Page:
The final Patent Trial Practice Guide makes significant revisions to the original proposed version, and presents a comprehensive but concise summary that provides the best introduction to procedure in post-grant trials. In the next few years, the Guide and detailed USPTO responses to comments on the final Trial Practice Rules will provide the most significant source of authority to guide litigants and the new Patent Trial and Appeal Board, in addition to procedural precedent developed over decades in interferences.
Significant changes are made to the timeline for proceedings after initiation of a trial, summarized in the Guide as follows: The patent owner’s period for discovery and preparing an amendment has been reduced from four to three months under the default Scheduling Order (Appendix A). The petitioner’s period for responding to an amendment is correspondingly increased to three months. As in interferences, the parties will be able to stipulate an extension of any time period in the first 8 months of the trial (until Due Date 6), but only by reducing later time periods, which is perilous in the extremely compressed default trial schedule. Compassion for an opponent will seldom be the rule, and as in interferences, stipulated extensions will probably involve serious settlement negotiations.
The patent owner and petitioner must be prepared to disclose and discuss their complete substantive and procedural strategies in an initial conference with the Administrative Patent Judge one month after the trial starts. By this early stage of the proceedings, the patent owner will be expected to inform the APJ and petitioner whether it intends to file an amendment, seek specific discovery from the petitioner in addition to cross-examination, propose a modification of the default schedule, or present any other significant motion. The petitioner will have to describe any additional motions it seeks to file, such as for additional discovery based on the patent owner’s preliminary response or disclosures, and other procedural and substantive motions. The rule in interferences has been that the parties must have essentially complete strategies in place by the initial scheduling conference, because a party is seldom allowed to file substantive motions that are not initially disclosed in its motions list.
This burden will be significant, because the patent owner is not permitted to submit testimonial evidence, such as expert declarations, prior to institution of a trial, and its discovery of the petitioner’s witnesses does not begin until the trial commences. Furthermore, the petitioner is given a one-month period after the trial begins to submit “supplemental information” and ordinarily the patent owner’s period for cross-examination begins only after any “supplemental evidence” relating to the direct testimony has been filed. If “supplemental information” is “supplemental evidence,” the patent owner may have less than two months to cross-examine the petitioner’s fact and expert witnesses, since cross-examination ends a week before the patent owner’s amendment is due.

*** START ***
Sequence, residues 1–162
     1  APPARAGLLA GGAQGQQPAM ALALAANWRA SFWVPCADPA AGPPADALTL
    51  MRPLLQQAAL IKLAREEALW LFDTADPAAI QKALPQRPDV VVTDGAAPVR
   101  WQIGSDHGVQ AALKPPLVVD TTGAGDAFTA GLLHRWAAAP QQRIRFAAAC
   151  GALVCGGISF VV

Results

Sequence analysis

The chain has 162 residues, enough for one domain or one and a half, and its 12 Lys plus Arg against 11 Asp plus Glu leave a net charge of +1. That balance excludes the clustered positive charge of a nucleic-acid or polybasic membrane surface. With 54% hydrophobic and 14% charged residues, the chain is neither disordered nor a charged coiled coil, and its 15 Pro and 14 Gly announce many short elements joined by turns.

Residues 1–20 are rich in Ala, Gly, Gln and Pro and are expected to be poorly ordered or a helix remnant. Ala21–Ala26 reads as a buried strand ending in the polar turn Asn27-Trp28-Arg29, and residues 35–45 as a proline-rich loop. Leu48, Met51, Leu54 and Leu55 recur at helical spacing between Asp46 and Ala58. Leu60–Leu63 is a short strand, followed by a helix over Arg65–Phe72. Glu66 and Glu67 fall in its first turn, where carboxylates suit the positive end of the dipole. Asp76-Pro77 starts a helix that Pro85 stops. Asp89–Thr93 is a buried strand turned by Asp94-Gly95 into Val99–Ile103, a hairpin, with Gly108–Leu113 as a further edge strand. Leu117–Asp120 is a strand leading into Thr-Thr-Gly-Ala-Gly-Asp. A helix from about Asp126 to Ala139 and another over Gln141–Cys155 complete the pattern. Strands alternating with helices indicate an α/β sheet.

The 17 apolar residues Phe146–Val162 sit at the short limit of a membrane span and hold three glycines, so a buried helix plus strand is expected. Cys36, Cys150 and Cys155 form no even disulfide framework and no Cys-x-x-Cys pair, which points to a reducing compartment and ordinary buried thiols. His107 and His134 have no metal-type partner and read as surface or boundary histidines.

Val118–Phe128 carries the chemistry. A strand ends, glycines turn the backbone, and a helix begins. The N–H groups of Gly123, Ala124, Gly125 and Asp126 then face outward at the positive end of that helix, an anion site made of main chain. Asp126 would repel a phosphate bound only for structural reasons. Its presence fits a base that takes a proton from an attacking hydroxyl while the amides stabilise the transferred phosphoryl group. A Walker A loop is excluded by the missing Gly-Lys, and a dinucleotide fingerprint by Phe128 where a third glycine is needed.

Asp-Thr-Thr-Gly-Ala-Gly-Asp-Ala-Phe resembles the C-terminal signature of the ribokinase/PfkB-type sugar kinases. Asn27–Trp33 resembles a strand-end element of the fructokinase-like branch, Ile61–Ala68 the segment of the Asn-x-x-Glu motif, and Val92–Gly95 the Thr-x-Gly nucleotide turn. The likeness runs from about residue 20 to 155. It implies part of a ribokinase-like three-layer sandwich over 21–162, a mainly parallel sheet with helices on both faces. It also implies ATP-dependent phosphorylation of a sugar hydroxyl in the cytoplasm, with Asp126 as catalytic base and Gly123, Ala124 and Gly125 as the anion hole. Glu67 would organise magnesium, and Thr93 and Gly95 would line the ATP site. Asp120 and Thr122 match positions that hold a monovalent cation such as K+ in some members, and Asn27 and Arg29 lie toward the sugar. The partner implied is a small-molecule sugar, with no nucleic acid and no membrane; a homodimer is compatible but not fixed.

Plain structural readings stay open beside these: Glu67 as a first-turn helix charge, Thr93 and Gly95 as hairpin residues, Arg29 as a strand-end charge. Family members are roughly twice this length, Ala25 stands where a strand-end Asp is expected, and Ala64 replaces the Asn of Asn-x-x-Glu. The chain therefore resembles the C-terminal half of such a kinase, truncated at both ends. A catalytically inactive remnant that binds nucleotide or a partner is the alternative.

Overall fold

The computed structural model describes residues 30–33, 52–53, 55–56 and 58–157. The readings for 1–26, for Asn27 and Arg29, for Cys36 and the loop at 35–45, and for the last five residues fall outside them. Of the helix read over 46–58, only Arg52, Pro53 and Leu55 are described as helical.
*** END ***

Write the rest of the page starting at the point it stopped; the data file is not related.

The Guide clarifies the scope of the single amendment that will ordinarily be permitted, explaining that there is a presumption that the patent owner will only be authorized to propose one substitute claim to replace each challenged claim. The Board envisions that the amendment sought by most patent owners will be a replacement of a set of broader claims with a set of narrower claims, as illustrated by an example. In view of the statutory limitation of an amendment to substituting or cancelling claims, a patent owner should not necessarily expect to add new or amended claims without corresponding cancellation of original claims. If the patent owner does file an amendment, the petitioner is entitled “to fully respond” by filing an opposition and presenting responsive evidence, including new expert declarations, which will entail an additional round of cross-examination and a reply, possibly with a rebuttal declaration that will engender further cross-examination and ultimate observations on cross-examination.